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Lenovo ThinkPad X1 Tablet Review: An Incredible Hybrid for a High Price

Lenovo has outdone itself with its ThinkPad series, and its latest hybrid, the ThinkPad X1 Tablet is a remarkable device that acts as both an ultra-portable laptop and tablet. The 12″ hybrid is packed with a pretty powerful core-m9 processor that’s fast and power-efficient. However, what makes it shine is its modular functions, allowing you to attach an add-on battery pack, a projector and even a 3D-imaging attachment. For $2,899, the ThinkPad X1 Tablet is an expensive device, but its novelty makes it a tempting buy.




The Microsoft Surface competitor is light and sleek. The 12″ tablet weighs 800g without the keyboard and 1.1kg with the keyboard. This is comparable to the Surface Pro 4 which is 768g(core-m3).

In terms of size, the ThinkPad X1 is also rather similar to the Surface Pro 4, with the former being 291 mm x 209.5 mm x 8.45 mm, and the latter being 292.1 mm x 201.42 mm x 8.45 mm. Both have the same thickness, but the width of the Surface Pro 4 is slightly smaller.


The device has a squarish build and it feels rather solid, like a sheet of steel. It holds a kickstand on its rear that can be quite hard to push out. That’s a good thing, because it means your tablet will be able to stand firmly on most surfaces without collapsing.

Carrying it around is pretty much a walk in the park. Even with the keyboard attachment, it’s weight is barely noticeable and you can easily lift your tablet/laptop up with 3 fingers.

Modular Functions

Like the LG G5, the ThinkPad X1 Tablet has a modular function that allows you to add on different attachments to suit your situation.

The first add-on is the Productivity Module that increases battery life up to 15 hours, a 5 hour additional boost to your ThinkPad, which should come in handy quite often.

The Presenter Module, is the next module that includes a pico projector and HDMI port. If you need a huge portable display for your next presentation, then using this module should help spice things up.

The 3D Imaging Module is bundled with a rear-facing Intel® RealSense camera. This module should help you scan in any 3D object for all your design needs.



The ThinkPad X1 Tablet is armed with an m9 processor that power-efficient and one of the higher-end processors for portable devices. However, it doesn’t quite match the power of i5 or i7 processors you can find in razor-thin ultrabooks like the Asus UX330 or the LG Gram. However, it should hold up just fine in most scenarios.


PCMark gives it a score of 2976, faster than most ultrabooks in the market, including the Dell XPS 12 and the Asus UX305.

Running photoshop on it alongside other high-end applications whilst multitasking did not show any significant or noticeable lags, so if speed and productivity is your main concern, then the ThinkPad X1 Tablet should hold up just fine.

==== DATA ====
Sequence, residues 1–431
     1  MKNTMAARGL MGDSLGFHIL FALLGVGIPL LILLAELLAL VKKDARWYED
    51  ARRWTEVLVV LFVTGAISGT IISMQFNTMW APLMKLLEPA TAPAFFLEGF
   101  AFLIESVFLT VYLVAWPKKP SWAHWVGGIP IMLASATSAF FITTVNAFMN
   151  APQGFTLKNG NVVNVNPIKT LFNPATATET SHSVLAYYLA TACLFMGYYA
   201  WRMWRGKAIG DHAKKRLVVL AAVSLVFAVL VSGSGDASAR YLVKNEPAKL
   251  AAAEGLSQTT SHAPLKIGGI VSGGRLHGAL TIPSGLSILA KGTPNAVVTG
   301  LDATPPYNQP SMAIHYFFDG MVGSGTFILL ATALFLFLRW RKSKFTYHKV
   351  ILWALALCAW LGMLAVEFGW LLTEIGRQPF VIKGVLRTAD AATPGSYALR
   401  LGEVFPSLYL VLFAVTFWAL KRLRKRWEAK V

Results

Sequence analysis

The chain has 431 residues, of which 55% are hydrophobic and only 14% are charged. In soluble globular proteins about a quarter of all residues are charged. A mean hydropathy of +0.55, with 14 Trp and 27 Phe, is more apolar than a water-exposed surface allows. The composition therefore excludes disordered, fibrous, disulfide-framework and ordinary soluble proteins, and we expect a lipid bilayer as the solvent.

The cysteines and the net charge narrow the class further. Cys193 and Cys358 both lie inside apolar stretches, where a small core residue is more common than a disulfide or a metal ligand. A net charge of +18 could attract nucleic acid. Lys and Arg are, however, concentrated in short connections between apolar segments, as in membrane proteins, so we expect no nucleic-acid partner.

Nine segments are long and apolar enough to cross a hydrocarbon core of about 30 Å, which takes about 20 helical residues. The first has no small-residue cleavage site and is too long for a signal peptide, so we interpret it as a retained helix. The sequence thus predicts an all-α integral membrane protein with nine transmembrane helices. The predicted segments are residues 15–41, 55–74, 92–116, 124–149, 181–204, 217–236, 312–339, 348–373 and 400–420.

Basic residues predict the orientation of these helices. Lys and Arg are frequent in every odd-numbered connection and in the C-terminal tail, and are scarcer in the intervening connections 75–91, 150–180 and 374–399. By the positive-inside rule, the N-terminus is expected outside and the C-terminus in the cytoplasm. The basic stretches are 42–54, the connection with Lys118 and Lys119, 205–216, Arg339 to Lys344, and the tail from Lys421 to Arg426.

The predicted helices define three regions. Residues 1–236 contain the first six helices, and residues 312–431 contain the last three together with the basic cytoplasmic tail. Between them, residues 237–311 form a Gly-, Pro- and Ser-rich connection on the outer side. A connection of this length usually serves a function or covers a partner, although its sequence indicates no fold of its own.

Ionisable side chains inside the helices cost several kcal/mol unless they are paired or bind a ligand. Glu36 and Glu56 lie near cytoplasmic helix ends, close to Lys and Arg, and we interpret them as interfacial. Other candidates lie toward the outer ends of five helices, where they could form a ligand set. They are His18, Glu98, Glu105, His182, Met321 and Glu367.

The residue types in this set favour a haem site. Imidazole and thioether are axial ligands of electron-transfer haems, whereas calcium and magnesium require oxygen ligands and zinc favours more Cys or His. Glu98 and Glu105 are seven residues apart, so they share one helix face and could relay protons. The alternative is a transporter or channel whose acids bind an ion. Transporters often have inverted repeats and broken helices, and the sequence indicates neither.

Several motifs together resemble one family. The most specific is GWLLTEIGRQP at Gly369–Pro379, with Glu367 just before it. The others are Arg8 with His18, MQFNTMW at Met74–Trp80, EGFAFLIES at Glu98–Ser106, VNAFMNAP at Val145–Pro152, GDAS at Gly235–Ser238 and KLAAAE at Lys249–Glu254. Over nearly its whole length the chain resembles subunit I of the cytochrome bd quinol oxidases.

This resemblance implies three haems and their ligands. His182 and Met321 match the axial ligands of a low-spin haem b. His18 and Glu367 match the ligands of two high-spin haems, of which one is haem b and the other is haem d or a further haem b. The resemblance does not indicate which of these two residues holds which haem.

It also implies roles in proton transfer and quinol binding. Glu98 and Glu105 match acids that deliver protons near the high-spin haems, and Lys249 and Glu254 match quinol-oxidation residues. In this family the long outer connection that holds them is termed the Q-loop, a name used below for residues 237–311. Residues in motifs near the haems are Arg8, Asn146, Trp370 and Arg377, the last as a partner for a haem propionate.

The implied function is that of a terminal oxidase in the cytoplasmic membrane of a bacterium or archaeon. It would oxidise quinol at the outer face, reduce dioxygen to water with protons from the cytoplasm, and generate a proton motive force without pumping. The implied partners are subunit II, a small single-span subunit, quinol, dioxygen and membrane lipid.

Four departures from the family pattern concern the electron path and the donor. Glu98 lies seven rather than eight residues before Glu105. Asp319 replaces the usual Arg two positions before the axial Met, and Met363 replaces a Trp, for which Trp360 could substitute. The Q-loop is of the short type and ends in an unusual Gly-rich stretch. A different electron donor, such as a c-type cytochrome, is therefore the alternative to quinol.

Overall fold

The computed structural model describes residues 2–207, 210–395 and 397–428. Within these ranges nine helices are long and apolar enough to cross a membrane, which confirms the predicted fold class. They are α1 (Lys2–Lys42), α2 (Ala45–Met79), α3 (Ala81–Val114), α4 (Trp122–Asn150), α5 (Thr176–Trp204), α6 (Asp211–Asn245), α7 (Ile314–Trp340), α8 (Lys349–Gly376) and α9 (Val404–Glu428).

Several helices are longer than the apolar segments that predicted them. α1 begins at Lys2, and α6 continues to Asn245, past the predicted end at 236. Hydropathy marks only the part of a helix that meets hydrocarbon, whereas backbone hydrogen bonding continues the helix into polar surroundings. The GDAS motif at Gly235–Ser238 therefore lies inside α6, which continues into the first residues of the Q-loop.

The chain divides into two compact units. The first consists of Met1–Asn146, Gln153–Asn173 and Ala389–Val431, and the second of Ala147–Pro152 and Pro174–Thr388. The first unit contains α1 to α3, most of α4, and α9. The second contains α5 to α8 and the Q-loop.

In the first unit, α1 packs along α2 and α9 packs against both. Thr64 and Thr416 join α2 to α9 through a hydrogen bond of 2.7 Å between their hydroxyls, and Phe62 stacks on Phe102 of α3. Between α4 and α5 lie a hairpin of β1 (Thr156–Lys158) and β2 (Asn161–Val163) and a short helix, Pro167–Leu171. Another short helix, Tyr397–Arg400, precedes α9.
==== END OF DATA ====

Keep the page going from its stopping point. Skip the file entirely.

User Experience


The ThinkPad X1 was a delight to use. It was sleek and portable, making it ideal as an ultrabook and the added advantage of it being a laptop/tablet hybrid brings a lot of benefits such as the ability to watch movies off the screen like a tablet without a chunky keyboard, and drawing all over your documents with the stylus provided. After all, who doesn’t like a touch screen right?


The red cursor unique to all ThinkPads however, was too sensitive for my preference and it was very difficult to navigate across the screen using that button, and the touchpad on the other hand was too insensitive and tedious to use. For the bulk of my time, I just relied on a mouse or my finger to tap on the screen, which worked fine for me.

The battery life of the X1 Tablet wasn’t as good as I had hoped for it to be. On paper, it’s supposed to last up to 10 hours without refueling, but more often than not, I found it running out of juice within 7 hours, and leaving it on sleep doesn’t really help, so you can’t just lock the screen and hope for the best like you do with smartphones or actual Android tablets.



The X1 Tablet is an innovative competitor that Microsoft needs to keep an eye out for. It’s sleek design and smooth performance makes it a tempting buy for anyone in the market for a convertible laptop. However, the device’s exorbitant price of $2,899 will make any potential buyer hesistate, and it’s less than spectacular battery life doesn’t help.

About the Autharbour-bridge-seah-yi-meitu-profilehor

A Dentist-To-Be Dabbling in Tech Journalism:

Zayne is a writer who reports for VR-Zone, Stuff Singapore and The New Paper on all things tech-related. Follow this geek on Twitter, Facebook or Instagram!

Zayne Seah
A tech geek going beyond specs.

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